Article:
As licensed and regulated insolvency professionals, we can offer free, impartial advice to companies facing financial difficulty, even if they’ve taken out a bounce back loan. If you fear that your company may be unable to meet the repayments or any other debt, we can help.
- Repaying in affordable instalments
As a bounce back loan is an unsecured debt. Unsecured debts can be included in a Company Voluntary Arrangement (CVA); a formal repayment arrangement, allowing you to pay back your unsecured debts in one affordable monthly payment.
Applying for a Company Voluntary Arrangement
- Company restructuring
If repaying in instalments isn’t feasible, you can put the company into administration. Doing so puts a licensed insolvency practitioner in charge of the company while they make the necessary changes to sell the company to a potential buyer. As with a CVA, creditor pressure is suspended for the administration’s duration.
More on administration
- Closing the company down
Occasionally, the company’s debts may be so severe that recovery isn’t possible. Closing via a Creditors Voluntary Liquidation (CVL) ensures a more structured, orderly process than waiting for your creditors to wind-up the company via a compulsory liquidation.
Applying for a Creditors Voluntary Liquidation
If your company is struggling to repay its bounce back loan, the government’s ‘Pay As You Grow’ repayment flexibilities allow businesses to repay the loans at a more affordable rate.
The Bounce Back Loan Scheme (BBLS) was introduced by the government to assist companies facing financial difficulty because of COVID-19. It provides loans of 25% of a company’s turnover (up to a maximum of £50,000) accompanied by a 12-month payment grace period, which is also interest-free, and 100% secured by the government.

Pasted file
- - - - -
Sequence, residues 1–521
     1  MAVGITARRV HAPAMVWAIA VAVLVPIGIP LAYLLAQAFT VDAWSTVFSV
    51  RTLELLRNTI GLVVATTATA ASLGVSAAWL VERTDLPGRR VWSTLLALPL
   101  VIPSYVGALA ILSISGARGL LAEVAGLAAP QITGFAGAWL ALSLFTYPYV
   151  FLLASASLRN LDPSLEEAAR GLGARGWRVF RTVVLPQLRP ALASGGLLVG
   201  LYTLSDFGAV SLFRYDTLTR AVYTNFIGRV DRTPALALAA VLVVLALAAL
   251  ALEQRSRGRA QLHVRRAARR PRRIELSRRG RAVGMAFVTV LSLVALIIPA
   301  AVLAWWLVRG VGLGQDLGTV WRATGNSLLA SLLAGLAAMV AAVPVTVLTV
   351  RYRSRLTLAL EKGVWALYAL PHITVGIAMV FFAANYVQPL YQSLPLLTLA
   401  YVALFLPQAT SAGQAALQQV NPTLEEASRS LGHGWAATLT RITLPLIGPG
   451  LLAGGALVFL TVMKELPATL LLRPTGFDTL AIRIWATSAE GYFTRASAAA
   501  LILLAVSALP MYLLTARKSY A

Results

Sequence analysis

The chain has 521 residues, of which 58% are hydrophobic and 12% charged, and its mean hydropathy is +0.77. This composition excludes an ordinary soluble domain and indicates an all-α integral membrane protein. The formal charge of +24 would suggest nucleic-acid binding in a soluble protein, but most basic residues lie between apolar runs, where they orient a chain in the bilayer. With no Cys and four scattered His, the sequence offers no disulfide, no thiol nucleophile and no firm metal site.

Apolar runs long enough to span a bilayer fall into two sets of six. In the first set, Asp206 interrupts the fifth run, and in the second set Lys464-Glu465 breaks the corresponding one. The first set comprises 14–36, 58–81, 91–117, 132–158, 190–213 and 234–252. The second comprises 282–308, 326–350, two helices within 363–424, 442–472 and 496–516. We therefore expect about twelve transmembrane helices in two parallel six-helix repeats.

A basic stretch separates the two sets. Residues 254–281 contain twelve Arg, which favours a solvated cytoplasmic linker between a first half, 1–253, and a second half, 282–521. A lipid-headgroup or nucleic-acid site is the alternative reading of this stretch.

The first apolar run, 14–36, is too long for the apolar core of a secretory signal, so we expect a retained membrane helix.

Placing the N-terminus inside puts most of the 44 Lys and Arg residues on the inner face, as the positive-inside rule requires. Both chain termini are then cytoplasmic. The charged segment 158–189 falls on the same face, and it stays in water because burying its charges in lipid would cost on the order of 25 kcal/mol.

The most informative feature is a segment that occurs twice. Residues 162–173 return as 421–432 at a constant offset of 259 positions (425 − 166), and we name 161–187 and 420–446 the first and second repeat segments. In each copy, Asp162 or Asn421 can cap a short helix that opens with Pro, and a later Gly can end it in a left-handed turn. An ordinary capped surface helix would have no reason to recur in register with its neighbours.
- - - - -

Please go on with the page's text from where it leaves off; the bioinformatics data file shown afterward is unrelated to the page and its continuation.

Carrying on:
After the initial 12-month grace period, the company faces responsibility for the repayment of the loan through monthly instalments. This is accompanied by a 2.5% interest rate, which is fixed for up to 10 years.
Because there is no need for company directors to provide a personal guarantee for the loans, they will not be held personally liable in normal circumstances. Directors who are found to have participated in wrongful or fraudulent trading are, however, at risk of being made liable for some, or all, of their company’s debts.
Should the company find itself unable to repay its bounce back loan, it is crucial that directors act as soon as possible by contacting insolvency professionals such as ourselves.
Bounce back loans are meant to help businesses with working costs and make up for lack of takings due to the coronavirus.
Initially, CBILS drew criticism, as accessing funds required a guarantee. The need for a guarantee has since been removed for businesses borrowing less than £250,000. Now the Government will guarantee 80% of the funds to the lender while paying interest for the first year.
They can be used for:
- Paying staff, suppliers, loans and running costs (utilities/rent).
- Marketing costs.
- Investment into new production machinery and equipment.
- Maintaining business cash flow.
- Supporting directors’ income.
- Paying dividends without a profitable balance sheet.
- Increasing employees’ salaries.
If you’ve borrowed less than you’re entitled to, you can top-up an existing bounce back loan to the maximum amount of £50,000. Any top-ups must by requested by the time the scheme closes on 31st March 2021.
Thanks to the ‘Pay As You Grow’ repayment flexibilities, businesses can extend the repayment terms from six years to ten, thus halving the number of payments you’re required to make, with interest-only payments for six months. If need be, you can even pause repayments completely for six months.
Your business and personal credit rating won’t affect your ability to apply for a bounce back loan. The loan may show up on a company’s credit file, but it shouldn’t show up on a director’s credit file, or those of any of the company’s employees.